View all Gospel Reflections |
Faith: Renewal in Christ
Monday of the Fourth Week of Lent
At that time Jesus left [Samaria] for Galilee. For Jesus himself testified that a prophet has no honor in his native place. When he came into Galilee, the Galileans welcomed him, since they had seen all he had done in Jerusalem at the feast; for they themselves had gone to the feast.
Then he returned to Cana in Galilee, where he had made the water wine. Now there was a royal official whose son was ill in Capernaum. When he heard that Jesus had arrived in Galilee from Judea, he went to him and asked him to come down and heal his son, who was near death. Jesus said to him, “Unless you people see signs and wonders, you will not believe.” The royal official said to him, “Sir, come down before my child dies.” Jesus said to him, “You may go; your son will live.” The man believed what Jesus said to him and left. While the man was on his way back, his slaves met him and told him that his boy would live. He asked them when he began to recover. They told him, “The fever left him yesterday, about one in the afternoon.” The father realized that just at that time Jesus had said to him, “Your son will live,” and he and his whole household came to believe. Now, this was the second sign Jesus did when he came to Galilee from Judea.
Opening Prayer: Lord, I believe that you are making all things new in my life, and that the power of your Resurrection is already at work in me through my Baptism. I hope in that same Resurrection, that even now as I unite myself to you, I will one day rise to live with you. I love you, Lord Jesus; help me to love you ever more for who you are, and not simply for what you do.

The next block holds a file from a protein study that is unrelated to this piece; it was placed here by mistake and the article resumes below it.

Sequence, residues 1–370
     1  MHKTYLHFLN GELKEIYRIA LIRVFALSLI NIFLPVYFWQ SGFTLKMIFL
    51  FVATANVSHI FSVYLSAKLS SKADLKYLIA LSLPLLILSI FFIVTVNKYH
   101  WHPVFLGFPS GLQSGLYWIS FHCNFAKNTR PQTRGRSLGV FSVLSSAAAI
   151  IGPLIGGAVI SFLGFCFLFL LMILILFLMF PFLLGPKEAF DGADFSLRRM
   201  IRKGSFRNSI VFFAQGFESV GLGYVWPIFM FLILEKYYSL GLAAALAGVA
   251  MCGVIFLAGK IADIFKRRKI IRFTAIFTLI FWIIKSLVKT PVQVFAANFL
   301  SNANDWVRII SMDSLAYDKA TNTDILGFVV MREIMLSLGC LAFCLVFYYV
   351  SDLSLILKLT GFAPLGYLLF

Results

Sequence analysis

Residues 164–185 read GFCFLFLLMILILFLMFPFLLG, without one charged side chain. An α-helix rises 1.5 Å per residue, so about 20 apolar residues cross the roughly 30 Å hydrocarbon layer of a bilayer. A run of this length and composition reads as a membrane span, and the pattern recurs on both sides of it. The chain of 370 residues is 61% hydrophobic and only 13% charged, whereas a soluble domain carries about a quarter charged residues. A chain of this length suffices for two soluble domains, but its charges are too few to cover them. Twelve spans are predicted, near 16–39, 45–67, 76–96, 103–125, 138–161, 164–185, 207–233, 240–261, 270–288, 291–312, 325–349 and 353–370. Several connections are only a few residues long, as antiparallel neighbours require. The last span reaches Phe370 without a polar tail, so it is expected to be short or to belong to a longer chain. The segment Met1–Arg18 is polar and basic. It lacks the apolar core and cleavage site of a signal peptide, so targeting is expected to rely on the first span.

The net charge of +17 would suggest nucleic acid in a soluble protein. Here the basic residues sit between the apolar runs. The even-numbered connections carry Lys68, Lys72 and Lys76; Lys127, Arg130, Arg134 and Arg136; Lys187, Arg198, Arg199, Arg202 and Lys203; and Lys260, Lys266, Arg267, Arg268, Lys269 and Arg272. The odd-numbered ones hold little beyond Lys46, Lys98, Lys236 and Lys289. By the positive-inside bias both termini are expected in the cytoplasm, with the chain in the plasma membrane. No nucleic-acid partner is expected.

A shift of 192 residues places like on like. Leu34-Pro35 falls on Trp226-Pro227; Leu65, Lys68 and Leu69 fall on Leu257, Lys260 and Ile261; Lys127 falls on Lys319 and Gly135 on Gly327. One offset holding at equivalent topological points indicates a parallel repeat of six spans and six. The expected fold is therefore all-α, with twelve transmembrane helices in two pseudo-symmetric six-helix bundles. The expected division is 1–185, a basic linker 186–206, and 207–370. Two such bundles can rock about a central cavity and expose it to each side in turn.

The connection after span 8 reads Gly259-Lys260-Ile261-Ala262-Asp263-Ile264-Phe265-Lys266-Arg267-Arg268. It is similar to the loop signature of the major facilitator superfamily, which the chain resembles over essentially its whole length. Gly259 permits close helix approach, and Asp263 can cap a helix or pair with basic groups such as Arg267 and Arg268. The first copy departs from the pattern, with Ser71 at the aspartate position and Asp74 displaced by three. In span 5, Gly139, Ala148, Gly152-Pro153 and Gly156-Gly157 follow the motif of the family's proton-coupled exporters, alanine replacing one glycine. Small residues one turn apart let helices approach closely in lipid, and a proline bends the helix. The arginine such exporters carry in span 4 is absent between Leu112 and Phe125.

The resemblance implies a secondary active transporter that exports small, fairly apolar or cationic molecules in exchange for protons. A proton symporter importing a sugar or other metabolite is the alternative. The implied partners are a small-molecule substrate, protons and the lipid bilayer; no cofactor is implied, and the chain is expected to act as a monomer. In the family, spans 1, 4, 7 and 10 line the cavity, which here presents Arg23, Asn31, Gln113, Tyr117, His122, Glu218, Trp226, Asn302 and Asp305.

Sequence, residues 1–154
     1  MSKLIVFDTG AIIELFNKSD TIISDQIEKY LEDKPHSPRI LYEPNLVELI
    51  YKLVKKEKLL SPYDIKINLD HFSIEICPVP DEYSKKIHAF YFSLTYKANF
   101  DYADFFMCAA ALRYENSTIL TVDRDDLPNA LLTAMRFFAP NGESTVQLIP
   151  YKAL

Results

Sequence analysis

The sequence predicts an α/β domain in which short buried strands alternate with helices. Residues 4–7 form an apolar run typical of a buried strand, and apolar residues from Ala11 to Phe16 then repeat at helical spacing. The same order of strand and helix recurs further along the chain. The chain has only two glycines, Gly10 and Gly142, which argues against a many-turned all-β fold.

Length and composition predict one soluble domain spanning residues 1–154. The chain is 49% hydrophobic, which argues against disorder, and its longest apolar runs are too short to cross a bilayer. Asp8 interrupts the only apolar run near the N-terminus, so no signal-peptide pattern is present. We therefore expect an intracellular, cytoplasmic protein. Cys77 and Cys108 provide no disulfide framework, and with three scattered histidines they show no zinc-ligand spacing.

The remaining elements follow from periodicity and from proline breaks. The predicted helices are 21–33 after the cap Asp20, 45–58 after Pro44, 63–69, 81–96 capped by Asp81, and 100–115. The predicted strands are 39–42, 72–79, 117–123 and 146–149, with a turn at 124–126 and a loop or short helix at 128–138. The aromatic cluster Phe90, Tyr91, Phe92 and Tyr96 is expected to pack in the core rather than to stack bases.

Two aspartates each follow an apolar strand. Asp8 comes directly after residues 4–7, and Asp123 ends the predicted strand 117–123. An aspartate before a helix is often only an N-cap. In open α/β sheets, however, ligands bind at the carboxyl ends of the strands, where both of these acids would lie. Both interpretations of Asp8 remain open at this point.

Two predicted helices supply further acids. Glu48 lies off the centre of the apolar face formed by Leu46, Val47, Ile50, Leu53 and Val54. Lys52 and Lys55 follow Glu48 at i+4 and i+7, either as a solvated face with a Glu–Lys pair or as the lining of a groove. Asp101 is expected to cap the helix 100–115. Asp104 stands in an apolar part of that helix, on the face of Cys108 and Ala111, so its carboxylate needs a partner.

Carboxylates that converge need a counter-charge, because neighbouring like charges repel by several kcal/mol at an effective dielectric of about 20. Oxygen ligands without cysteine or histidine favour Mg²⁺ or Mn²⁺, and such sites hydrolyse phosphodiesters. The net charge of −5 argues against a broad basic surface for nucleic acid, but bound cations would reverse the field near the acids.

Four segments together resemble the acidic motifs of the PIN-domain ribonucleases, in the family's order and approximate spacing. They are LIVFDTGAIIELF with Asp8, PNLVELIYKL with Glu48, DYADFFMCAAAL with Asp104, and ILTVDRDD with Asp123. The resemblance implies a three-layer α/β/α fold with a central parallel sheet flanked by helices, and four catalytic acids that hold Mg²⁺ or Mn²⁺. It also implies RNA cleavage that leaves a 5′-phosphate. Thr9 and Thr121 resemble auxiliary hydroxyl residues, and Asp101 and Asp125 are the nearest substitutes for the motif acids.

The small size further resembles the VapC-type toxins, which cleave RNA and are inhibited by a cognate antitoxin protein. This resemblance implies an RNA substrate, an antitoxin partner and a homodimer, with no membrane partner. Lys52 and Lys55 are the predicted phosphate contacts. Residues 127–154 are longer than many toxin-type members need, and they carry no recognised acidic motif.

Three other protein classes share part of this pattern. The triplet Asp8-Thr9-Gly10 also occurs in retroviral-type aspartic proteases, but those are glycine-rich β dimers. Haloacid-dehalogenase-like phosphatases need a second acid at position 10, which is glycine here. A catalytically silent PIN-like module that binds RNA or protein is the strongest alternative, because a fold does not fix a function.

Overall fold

- In His Native Place: At the very beginning of this Gospel, Jesus identified a very painful truth: a prophet has no honor in his native place. He was coming from Samaria, where he had revealed himself to be the Messiah, “the One Who is to come” (cf. John 4:1-42). In Galilee, however, Jesus was returning to a people who knew him as the son of Joseph and Mary, a supposed miracle-worker they witnessed at the feast in Jerusalem. Jesus wanted to show them that he is much more than a magic man. He wanted to reveal himself as Messiah, just as he did in Samaria, even though he knew it would lead to his eventual rejection in Nazareth. Christ has an intense desire to make himself known to every man, but at the end of the day, he respects our freedom. We are called to put aside any false images of Christ we might cling to and ask him in prayer to reveal himself as he truly is.
- Faith Making All Things New: “Unless you people see signs and wonders, you will not believe.” Jesus wants us to go beyond seeing miracles, for seeing is not the full force of believing. He told the royal official to go home, that his son had been cured—what proof did the man have? He took a leap of faith, left Jesus, and returned home to find that his son had been cured at the exact time he had been dismissed by Jesus. Oftentimes, Jesus asks us to take a similar leap of faith in life—to accept the advice of a spiritual director, to make a pilgrimage, to help start a new business venture, or to begin a new relationship. He wants us to trust in him, even when the results he promises aren’t immediately visible.
- The Whole Household Believed: The royal official’s leap of faith resulted in his son’s miraculous healing. The whole family benefited because they all became believers. The community in Galilee who witnessed the miracle were also given an opportunity to believe. All of the readers of this Gospel passage up until this very moment had heard of this miracle and had been blessed with the grace to believe. How many souls did this one royal official touch by choosing 2,000 years ago to believe in Jesus’s power to heal? We’ll never know. Nor is it possible to guess at the good our sacrifices, prayers, and acts of faith can bring to the world because of the goodness of Jesus. “To pick up a pin for love can convert a soul,” said St. Therese of Lisieux.
Conversing with Christ: Lord Jesus, enlighten the eyes of my heart, to see you for who you truly are: the Son of Man, the Savior of the World. Give me the grace to live a sacrificial Lent, trusting that you will bless my efforts for the good of others.
Resolution: Lord, today by your grace I will add one little sacrifice to my day with the hope that you will multiply it for the good of those I love.
For Further Reflection: “These days,” you were saying, “have been the happiest in my life.” And I answered you without hesitation: that is because you ‘have lived’ with a little more self-giving than usual – St. Jose Maria Escriva.
written by Br. Brian Flanagan, LC